Abby Martin speaks with Taylor Lincoln, Director of Research at Public Citizen’s Congressional Watch Division about a new report detailing how Google is invading users privacies and becoming the most powerful and influential political force in Washington.
Harvard psychologists conducted a study recently, which found that not only are humans remembering less and relying on the Internet more, but we’re considering the Internet as an extension of our own intelligence instead of as a separate tool. The Resident (aka Lori Harfenist) discusses. Follow The Resident athttp://www.twitter.com/TheResident
This takes Internet porn to a place it’s never been before: an Australian couple has been caught on camera having sex, and the images have ended up on Google Maps’ Street View feature. RT’s Meghan Lopez takes a look at two pranksters who pulled a fast one on Google and ended up making the most of a what have been a routine mapping project.
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from RoboDaily by Staff Writers
Bielefeld, Germany (SPX) Mar 04, 2013
Scientists have long been dreaming about building a computer that would work like a brain. This is because a brain is far more energy-saving than a computer, it can learn by itself, and it doesn’t need any programming. Privatdozent [senior lecturer] Dr. Andy Thomas from Bielefeld University’s Faculty of Physics is experimenting with memristors – electronic microcomponents that imitate natural nerves.
Thomas and his colleagues proved that they could do this a year ago. They constructed a memristor that is capable of learning. Andy Thomas is now using his memristors as key components in a blueprint for an artificial brain. He will be presenting his results at the beginning of March in the print edition of the prestigious Journal of Physics published by the Institute of Physics in London. . . . Read Complete Report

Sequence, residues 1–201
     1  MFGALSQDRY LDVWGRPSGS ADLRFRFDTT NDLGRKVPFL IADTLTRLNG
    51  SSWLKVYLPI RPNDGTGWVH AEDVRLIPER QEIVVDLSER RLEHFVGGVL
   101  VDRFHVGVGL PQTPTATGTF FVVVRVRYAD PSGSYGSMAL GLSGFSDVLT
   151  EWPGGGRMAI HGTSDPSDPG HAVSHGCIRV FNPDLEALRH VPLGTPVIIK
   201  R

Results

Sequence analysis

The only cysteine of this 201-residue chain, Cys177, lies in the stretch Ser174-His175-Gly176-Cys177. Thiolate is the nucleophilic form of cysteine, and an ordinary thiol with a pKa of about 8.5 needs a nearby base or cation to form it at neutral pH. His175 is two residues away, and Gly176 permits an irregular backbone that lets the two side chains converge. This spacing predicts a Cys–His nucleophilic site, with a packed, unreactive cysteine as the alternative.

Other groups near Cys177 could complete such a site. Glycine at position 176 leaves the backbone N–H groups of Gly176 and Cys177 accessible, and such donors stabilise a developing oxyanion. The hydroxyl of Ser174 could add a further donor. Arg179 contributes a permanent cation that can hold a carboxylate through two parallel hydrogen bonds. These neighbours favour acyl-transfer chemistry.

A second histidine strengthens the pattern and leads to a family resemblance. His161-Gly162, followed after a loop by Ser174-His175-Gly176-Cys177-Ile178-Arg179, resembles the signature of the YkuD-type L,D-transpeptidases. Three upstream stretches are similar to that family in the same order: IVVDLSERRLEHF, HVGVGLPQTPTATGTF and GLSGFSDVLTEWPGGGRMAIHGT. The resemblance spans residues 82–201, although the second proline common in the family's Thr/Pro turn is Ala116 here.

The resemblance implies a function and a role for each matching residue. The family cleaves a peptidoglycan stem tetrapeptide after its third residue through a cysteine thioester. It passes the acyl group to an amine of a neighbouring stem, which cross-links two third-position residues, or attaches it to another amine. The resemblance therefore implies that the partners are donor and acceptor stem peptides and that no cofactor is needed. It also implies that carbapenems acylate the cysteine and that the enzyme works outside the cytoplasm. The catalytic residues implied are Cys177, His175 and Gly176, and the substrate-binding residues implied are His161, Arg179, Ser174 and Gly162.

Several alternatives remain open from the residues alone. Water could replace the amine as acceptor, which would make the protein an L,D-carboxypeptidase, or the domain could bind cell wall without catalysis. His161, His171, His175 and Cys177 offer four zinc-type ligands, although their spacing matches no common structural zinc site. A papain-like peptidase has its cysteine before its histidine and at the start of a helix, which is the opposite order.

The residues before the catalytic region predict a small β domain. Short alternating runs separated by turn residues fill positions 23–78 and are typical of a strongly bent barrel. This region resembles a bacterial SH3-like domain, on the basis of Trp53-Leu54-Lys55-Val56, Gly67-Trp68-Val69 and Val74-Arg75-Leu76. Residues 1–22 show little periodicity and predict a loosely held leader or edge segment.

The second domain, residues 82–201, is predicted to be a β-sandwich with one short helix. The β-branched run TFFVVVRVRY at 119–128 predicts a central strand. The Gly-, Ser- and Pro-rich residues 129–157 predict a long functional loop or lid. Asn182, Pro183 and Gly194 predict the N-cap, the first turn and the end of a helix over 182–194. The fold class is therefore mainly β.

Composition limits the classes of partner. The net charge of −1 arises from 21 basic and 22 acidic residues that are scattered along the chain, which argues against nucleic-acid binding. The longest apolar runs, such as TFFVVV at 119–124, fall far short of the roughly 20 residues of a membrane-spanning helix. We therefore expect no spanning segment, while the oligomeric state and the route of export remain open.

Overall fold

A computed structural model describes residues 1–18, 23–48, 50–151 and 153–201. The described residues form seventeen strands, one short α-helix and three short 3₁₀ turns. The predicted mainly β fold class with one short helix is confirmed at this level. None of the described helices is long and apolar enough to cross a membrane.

If the bill is signed by Gov. Jerry Brown, it would greatly change how cars would be made and driven — namely by computers, according to the San Jose Mercury News. About 99 percent of all traffic and fatal collisions are caused by human error, so robots might be a safer bet. Read Complete Report
Big Brother is watching. No kidding. And the warning is coming from none other than Google, which says government spies may be spying on you. Some believe the Google announcement may be related to the recent discovery of the data-mining virus named “Flame.” In a June 3 New York Times article, Andrew Kramer and Nicole Perlroth write.
“When Eugene Kaspersky, the founder of Europe’s largest antivirus company, discovered the Flame virus that is afflicting computers in Iran and the Middle East, he recognized it as a technologically sophisticated virus that only a government could create. . . . Read Complete Report
If you’d like to prevent Google from combining this potentially sensitive data with the information it has collected from your YouTube, Google+, and other Google accounts, you can remove your Web History and stop it from being recorded moving forward. . . Here’s how
You probably woke up this morning to realize the Internet is totally screwy.
Is it the online apocalypse? Not so much. Google, Wikipedia, Boing Boing and others have gone dark, along with thousands of others, who are protesting two anti-piracy bills that are up for debate in the U.S. Congress.
It’s a debate that’s pitted the Web against Washington. And if the goal of these protests was to get people talking, that sure seems to have worked, with every media organization on the planet talking about piracy today.
Many of these sites are using creative techniques to bring attention to the two bills – one called SOPA, the other PIPA – and making very clear their viewpoint on it.
Before you panic, read our quick-and-dirty guide to these online protests.
SOPA Sponsor Calls Protests a ‘Publicity Stunt” as Google Joins in
Google on Tuesday confirmed that it too will join Wednesday’s SOPA/PIPA protest. But before you freak out about the possibility of being without Gmail, Google Search, Maps, or Google+ for a day, know that the search giant is not shutting down its services tomorrow, only raising awareness.
The Stop Online Piracy Act (SOPA), meanwhile, does not appear to be going anywhere, with bill sponsor Rep. Lamar announcing today that a markup of the bill will commence in February—while also slamming the protests as a publicity stunt.
Until then, Google plans to make its opposition known.
“Like many businesses, entrepreneurs and web users, we oppose these bills because there are smart, targeted ways to shut down foreign rogue websites without asking American companies to censor the Internet,” Google said in a statement. “So tomorrow we will be joining many other tech companies to highlight this issue on our U.S. home page.” . . . complete report